It has already been 27 years since screenwriter Gary Ross and Ghostbuster's Ivan Reitman teamed up to tell one of the most charming and hilarious political comedies of all time: Dave. Starring Kevin Kline, the 1993 classic follows Dave Kovic, the owner of an employment agency who is hired to stand in for the President Of The United States Bill Mitchell (also Kline) at a Washington D.C. function while the Commander in Chief tends to some unsavory business... only to become his full-time replacement when Mitchell suffers a near-fatal stroke.
The movie has remained a favorite of fans and critics alike in the nearly 30 years since its initial release, but there are some things about the political comedy that you might not know. Like, did you know that the movie was in the works for years before it was picked up, Kevin Kline wasn't the first choice, or that the Dave was loved by a certain saxophone-playing world leader from a place called Hope?
Screenwriter Gary Ross Originally Pitched The Idea In The 1980s But No One Wanted To Make It
It wouldn't be out of the realm of imagination to think that Dave was inspired by the political climate of the early 1990s, but screenwriter Gary Ross (who received an Oscar nominated for his efforts) came up with the idea nearly a decade earlier after observing various White House Chiefs of Staff during the Iran-Contra Affair, according to Drama-Logue (via AFI). This totally makes sense when you consider the actions and scheming of Frank Langella's Bob Alexander throughout the movie. But it still took some time for Ross to get the project going.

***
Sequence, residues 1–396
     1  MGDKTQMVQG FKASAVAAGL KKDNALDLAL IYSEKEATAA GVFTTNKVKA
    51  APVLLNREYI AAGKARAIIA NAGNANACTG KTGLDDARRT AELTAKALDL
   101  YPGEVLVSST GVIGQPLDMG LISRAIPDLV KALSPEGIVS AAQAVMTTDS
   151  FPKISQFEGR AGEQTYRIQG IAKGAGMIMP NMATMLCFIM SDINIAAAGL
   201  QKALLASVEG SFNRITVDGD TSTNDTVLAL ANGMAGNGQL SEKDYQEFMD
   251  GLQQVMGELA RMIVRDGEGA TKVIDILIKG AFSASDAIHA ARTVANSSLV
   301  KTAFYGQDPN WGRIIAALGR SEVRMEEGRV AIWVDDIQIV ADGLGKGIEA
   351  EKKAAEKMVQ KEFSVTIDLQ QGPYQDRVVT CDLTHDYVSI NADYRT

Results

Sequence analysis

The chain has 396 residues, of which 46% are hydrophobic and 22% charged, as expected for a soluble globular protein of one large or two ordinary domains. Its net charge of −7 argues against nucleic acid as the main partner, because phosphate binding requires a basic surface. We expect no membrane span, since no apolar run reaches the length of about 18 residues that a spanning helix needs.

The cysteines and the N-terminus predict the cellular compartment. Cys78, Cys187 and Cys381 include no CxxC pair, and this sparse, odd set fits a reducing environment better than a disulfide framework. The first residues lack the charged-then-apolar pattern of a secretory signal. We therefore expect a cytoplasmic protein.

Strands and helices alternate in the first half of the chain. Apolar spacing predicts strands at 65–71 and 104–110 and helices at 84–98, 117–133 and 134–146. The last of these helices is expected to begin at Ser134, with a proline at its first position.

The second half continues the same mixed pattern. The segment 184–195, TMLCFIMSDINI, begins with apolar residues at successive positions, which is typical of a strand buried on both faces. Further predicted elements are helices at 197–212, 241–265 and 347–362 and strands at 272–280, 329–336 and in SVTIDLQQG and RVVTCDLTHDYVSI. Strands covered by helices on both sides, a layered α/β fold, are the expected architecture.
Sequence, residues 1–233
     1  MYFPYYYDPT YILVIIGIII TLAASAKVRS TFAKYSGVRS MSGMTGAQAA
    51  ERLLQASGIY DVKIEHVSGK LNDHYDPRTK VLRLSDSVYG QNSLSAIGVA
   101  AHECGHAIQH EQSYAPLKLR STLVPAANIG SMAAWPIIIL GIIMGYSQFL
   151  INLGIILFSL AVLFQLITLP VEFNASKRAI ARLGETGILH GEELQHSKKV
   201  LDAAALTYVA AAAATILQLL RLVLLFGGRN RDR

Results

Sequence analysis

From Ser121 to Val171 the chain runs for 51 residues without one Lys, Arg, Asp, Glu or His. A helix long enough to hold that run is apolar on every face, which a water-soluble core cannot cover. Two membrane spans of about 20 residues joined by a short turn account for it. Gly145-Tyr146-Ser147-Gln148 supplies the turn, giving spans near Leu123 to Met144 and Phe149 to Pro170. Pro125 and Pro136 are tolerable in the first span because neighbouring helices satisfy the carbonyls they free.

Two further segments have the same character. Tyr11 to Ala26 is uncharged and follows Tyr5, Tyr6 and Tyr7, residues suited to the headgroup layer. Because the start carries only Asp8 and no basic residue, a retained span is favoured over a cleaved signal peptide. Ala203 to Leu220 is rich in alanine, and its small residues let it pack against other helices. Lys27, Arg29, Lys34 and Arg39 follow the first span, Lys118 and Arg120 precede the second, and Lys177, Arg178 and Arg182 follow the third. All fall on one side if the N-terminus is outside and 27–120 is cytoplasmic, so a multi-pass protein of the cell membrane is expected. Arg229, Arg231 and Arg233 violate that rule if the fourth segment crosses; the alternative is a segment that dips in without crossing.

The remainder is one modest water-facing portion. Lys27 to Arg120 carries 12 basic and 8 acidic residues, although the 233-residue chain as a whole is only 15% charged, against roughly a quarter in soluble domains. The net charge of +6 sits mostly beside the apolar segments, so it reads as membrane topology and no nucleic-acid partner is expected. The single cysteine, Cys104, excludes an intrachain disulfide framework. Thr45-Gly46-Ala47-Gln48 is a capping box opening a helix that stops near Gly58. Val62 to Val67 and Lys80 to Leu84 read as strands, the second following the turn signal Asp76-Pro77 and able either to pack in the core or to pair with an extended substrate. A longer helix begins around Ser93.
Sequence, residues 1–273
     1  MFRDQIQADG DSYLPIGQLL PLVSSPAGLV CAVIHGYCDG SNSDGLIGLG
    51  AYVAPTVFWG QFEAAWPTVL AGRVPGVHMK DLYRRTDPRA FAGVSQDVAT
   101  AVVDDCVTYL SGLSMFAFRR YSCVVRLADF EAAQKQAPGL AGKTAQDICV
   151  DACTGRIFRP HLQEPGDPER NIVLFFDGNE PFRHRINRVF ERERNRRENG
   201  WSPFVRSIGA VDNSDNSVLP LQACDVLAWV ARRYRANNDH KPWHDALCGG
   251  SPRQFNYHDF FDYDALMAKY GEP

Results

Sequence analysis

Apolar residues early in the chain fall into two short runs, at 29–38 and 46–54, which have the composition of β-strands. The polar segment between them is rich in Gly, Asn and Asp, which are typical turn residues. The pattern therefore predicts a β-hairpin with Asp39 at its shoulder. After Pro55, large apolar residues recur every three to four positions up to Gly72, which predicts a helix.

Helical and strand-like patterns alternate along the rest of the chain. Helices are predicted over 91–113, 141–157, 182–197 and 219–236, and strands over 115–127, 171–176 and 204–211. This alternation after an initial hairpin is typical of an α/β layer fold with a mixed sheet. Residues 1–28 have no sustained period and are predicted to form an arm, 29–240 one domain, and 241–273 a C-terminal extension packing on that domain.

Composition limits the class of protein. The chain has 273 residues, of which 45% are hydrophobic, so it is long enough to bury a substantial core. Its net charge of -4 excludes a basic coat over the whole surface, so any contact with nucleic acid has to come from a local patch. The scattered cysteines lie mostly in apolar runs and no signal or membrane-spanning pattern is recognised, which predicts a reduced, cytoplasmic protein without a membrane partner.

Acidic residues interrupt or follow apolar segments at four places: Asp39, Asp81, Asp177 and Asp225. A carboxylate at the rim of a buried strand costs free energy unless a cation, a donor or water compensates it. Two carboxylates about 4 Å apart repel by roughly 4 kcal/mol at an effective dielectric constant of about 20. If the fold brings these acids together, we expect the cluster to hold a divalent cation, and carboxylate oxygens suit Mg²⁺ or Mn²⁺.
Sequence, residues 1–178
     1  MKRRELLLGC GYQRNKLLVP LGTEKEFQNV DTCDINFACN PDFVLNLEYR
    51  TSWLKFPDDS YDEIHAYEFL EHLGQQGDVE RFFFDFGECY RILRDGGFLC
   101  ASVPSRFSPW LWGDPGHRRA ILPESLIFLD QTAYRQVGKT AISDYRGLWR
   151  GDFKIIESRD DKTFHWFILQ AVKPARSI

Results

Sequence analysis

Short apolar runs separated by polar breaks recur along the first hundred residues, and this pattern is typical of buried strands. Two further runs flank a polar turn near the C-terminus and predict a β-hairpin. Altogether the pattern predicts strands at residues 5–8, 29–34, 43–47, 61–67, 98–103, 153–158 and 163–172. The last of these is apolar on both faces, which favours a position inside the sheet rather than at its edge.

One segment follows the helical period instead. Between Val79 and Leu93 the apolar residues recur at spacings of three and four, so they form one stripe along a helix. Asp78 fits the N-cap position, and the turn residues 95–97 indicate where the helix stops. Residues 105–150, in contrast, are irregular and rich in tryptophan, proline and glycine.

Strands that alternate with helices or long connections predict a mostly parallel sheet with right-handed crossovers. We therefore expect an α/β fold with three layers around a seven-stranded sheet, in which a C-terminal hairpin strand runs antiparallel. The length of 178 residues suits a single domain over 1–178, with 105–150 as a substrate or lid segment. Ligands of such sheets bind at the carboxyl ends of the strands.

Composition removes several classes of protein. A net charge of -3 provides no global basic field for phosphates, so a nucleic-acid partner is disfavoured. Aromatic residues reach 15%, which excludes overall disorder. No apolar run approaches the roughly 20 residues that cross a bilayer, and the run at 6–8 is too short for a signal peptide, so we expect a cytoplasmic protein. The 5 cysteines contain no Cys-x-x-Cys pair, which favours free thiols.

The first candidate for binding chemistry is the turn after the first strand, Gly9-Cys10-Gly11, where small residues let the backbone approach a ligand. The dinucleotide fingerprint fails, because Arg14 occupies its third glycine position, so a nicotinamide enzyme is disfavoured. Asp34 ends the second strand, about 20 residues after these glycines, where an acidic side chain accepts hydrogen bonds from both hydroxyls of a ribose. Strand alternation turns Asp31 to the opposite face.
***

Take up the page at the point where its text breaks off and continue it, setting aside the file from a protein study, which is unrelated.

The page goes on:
At one point, Gary Ross turned to one of his friends, Lauren Shuler-Donner, who had a production deal at Disney, to see if they could get the ball rolling, but the studio passed on the project, according to the Los Angeles Times, because no one wanted to take the risk of making a satire of the presidency during the Reagan Administration. Once Shuler-Donner moved to Warner Bros., the studio wanted to proceed, but Ross was busy with Michael Dukakis' 1988 presidential bid.
Warren Beatty Was The Frontrunner For The Lead Role, And Even Suggested Ivan Reitman Before Backing Out
Trying to picture Dave with anyone but Kevin Kline in the lead role(s) is pretty hard to imagine, but the Academy Award-winning actor wasn't the first choice. In fact, it was Warren Beatty, hot of Dick Tracy and Bugsy, who was originally attached to the role (and actually got Ivan Reitman to come on as director). But Warner Bros. wasn't having it. In 2019, The Ringer published an extensive piece on the impact of the 1993 political satire where it was revealed that Reitman initially walked away from the project when the studio refused to hire Beatty, but eventually came back to direct. By that point, however, Beatty didn't like the offer and stopped talks.
The Scene Where Dave And The First Lady Get Pulled Over Wasn't Added Until Late In Production
There are a ton of great scenes in Dave, but one of the most charming is the one in which Dave Kovic and First Lady Ellen Mitchell (Sigourney Weaver) sneak out of the White House, end up bonding, and decide to go back to continue the charade. Originally, the scene didn't call for Dave and Ellen to get pulled over and act like celebrity impersonators by singing "Tomorrow" to get out of trouble with a D.C. police officer. In the 25th anniversary piece featured in Variety in 2018, director Ivan Reitman said it didn't feel like the original version made it seem like the two had bonded, stating: